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Community Honors Fallen Soldiers

More than 100 people gathered at the Veterans Monument in Railroad Park to honor those who have died in the service of their country. Rep. Tommy Reynolds (left) was among several speakers who reminded those present to be thankful for the sacrifices made by America’s veterans. – Photos by Jack Gurner

Betty Hart sang the National Anthem.

Mayor Larry Hart called Memorial Day a day of remembering.

Joyce Phillips, Ladies Auxiliary President, reminded everyone that freedom is not free.

Major George W. Vinsant was the guest speaker at Monday’s Memorial Day observance downtown. He is with the Army ROTC at the University of Mississippi and a veteran of two tours in Iraq.

Major Vinzant said that it is fitting for a community and a country to take the time to remember those who gave their lives while serving their country.

By Jack Gurner
Reporter

Go see the video on YouTube.

WATER VALLEY – The sound of taps echoed in our nation’s capitol and downtown at Railroad Park as Americans gathered Monday on Memorial Day to honor those who have died in the service of their country.

“We’re gathered here today to honor our fallen comrades who gave their lives so gallantly in defense of the freedom we enjoy in our everyday lives,” said Commander Sam Phillips of VFW Post 4100 as he introduced Rev. David Ross, Pastor of Camp Ground Baptist Church, who opened the 11 a.m. ceremony with a prayer.

“I thank God for those who have given their life so that we can stand here today and thank God that we live in a country that is free,” Ross said, commenting on America’s religious freedom.

After the prayer, Betty Hart sang the National Anthem as faces turned skyward toward Old Glory flying in the warm breeze over the Veteran’s Monument in Railroad Park.

Mayor Larry Hart called Memorial Day a day of remembering. “I know that each one of us has someone on our mind and on our heart that we remember today.”

Representative Tommy Reynolds spoke next, reflecting on the history of Memorial Day. He explained that the observance is said to have started on May 5, 1868, as Decoration Day. There was a proclamation by the President to recognize those who had recently fought in the Civil War.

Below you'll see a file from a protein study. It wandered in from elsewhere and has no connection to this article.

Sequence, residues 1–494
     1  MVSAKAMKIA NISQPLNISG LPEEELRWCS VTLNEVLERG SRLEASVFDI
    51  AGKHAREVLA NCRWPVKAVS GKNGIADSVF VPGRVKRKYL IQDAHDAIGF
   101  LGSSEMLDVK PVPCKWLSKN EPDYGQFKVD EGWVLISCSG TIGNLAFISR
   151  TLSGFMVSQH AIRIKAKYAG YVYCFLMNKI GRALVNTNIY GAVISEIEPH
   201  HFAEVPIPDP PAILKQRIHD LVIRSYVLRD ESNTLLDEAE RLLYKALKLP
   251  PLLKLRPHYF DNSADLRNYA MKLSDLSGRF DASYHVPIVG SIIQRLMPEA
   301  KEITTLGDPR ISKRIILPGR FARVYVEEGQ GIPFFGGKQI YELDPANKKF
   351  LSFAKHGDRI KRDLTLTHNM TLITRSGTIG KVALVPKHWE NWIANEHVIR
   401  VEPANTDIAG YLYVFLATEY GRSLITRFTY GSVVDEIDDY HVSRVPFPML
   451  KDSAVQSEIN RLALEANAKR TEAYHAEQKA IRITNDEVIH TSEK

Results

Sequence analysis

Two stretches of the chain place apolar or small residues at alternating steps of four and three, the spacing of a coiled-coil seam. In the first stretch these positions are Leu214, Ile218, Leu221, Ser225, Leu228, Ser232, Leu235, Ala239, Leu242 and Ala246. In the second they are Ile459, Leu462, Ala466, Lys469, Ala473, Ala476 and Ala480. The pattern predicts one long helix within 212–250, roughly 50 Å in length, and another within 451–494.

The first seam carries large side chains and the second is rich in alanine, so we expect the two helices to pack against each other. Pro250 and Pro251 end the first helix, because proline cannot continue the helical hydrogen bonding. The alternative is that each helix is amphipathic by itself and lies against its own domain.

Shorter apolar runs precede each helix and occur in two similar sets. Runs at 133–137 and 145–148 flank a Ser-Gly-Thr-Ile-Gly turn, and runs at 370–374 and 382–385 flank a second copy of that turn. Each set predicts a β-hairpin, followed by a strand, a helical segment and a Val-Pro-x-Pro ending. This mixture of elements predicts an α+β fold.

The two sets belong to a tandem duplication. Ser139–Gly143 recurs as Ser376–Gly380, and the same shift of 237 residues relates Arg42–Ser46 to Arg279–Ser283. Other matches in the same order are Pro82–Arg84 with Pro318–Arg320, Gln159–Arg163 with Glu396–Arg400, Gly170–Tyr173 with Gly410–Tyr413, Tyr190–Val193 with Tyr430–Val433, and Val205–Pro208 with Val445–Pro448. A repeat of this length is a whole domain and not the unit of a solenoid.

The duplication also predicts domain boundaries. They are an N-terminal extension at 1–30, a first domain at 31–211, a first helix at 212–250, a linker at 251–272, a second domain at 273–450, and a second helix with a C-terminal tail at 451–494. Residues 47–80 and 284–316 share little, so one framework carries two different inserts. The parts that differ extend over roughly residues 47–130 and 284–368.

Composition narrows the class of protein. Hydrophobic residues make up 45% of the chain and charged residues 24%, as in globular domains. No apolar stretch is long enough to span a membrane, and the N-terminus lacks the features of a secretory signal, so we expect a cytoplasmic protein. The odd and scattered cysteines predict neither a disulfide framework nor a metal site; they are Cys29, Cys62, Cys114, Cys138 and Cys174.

Reynolds said that this year we honored the last veteran of World War I, former Cpl. Frank Buckles of West Virginia, who died at 110. And, he added, we also note the 70th anniversary of America’s entry into World War II in 1941.

On Dec. 7 of that year, Japan attacked Pearl Harbor killing 3500 Americans in an attempt to destroy the Pacific Fleet. Before the war would end, he continued, 405,000 American would die and 800,000 would be wounded.

“We need to remember the sacrifices made each and every day by the fighting men and women of our country,” he said. “On them all our rights and all our freedoms and all our hopes for a better tomorrow for us and our children hang.”

Joyce Phillips, Ladies Auxiliary President, was the next speaker. She reminded everyone that freedom is not free. She said the Ladies of the Auxiliary are doing their part by supporting “our country and our veterans.”

She said although Memorial Day is a day of memorial tributes, we also need to remember those who are still fighting for us. To that end, VFW Post 4100 has adopted the local National Guard unit, the 289th Vertical Company of Water Valley. The unit is scheduled to deploy again next year and the local post is forming a family support group.

Commander Phillips then introduced the guest speaker for the day, Major George W. Vinsant, Recruiting Operations Officer/Executive Officer for the Army ROTC at the University of Mississippi.

Major Vinzant enlisted in the United States Marine Corps in 1981 and served seven years as an enlisted Marine. Upon leaving the Corps, he attended Officer Candidate School and was commissioned in 1990 from the Mississippi Military Academy as an Infantry Officer.

He served in Iraq in 2005 and 2009. He is married to Tammy Badeaux Vinzant since 1985 and they have three children, Olivia, John, and Mary Katherine.

Major Vinzant said that it is fitting for a community and a country to take the time to remember those who gave their lives while serving their country. He quoted former President Ronald Regan who said, “No weapon in the arsenals of the world is so formidable as the will and moral courage of free men and women.”

The Major added that he, like many in the military who have served in a foreign county, have returned home humbled by the prosperity and freedoms we enjoy here in America. “We are a nation greatly blessed.”

He pointed out that not all who have returned home were welcomed or appreciated. “Many returned to friends and family who did not understand what these men and women had seen and experienced during their tours.”

Vinzant acknowledged the veterans gathered at the ceremony for their service and the service men and women still serving around the world. He made special mention of the families, past and present, who “sacrifice in a way that surpasses the limits of imagination.”

“Words cannot express my gratitude for your service, all so that the people of this country might enjoy the freedoms and liberties they hold dear.”

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